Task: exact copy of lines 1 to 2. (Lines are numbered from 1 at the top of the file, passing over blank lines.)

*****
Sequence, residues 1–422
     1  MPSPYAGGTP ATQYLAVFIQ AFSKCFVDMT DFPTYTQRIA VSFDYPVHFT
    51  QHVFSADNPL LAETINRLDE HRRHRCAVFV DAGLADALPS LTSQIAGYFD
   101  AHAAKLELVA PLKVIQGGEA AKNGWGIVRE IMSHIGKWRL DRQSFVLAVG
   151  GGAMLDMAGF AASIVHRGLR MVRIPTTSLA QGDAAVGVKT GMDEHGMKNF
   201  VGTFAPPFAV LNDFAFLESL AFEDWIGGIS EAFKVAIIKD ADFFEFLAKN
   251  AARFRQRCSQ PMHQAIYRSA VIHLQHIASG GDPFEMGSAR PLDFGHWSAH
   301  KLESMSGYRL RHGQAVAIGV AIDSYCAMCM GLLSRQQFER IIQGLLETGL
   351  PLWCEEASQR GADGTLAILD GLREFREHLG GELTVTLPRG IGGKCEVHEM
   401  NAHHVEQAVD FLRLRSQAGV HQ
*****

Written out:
Sequence, residues 1–422
     1  MPSPYAGGTP ATQYLAVFIQ AFSKCFVDMT DFPTYTQRIA VSFDYPVHFT